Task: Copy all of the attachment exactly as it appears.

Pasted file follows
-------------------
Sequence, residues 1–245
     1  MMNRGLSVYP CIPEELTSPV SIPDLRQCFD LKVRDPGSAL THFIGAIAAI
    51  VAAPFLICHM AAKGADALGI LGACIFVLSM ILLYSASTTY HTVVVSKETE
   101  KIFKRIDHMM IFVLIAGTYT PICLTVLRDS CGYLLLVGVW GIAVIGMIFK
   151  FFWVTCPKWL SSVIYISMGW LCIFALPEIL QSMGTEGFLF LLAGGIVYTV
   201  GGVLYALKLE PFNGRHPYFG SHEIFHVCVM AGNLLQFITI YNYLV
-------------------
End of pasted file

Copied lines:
Sequence, residues 1–245
     1  MMNRGLSVYP CIPEELTSPV SIPDLRQCFD LKVRDPGSAL THFIGAIAAI
    51  VAAPFLICHM AAKGADALGI LGACIFVLSM ILLYSASTTY HTVVVSKETE
   101  KIFKRIDHMM IFVLIAGTYT PICLTVLRDS CGYLLLVGVW GIAVIGMIFK
   151  FFWVTCPKWL SSVIYISMGW LCIFALPEIL QSMGTEGFLF LLAGGIVYTV
   201  GGVLYALKLE PFNGRHPYFG SHEIFHVCVM AGNLLQFITI YNYLV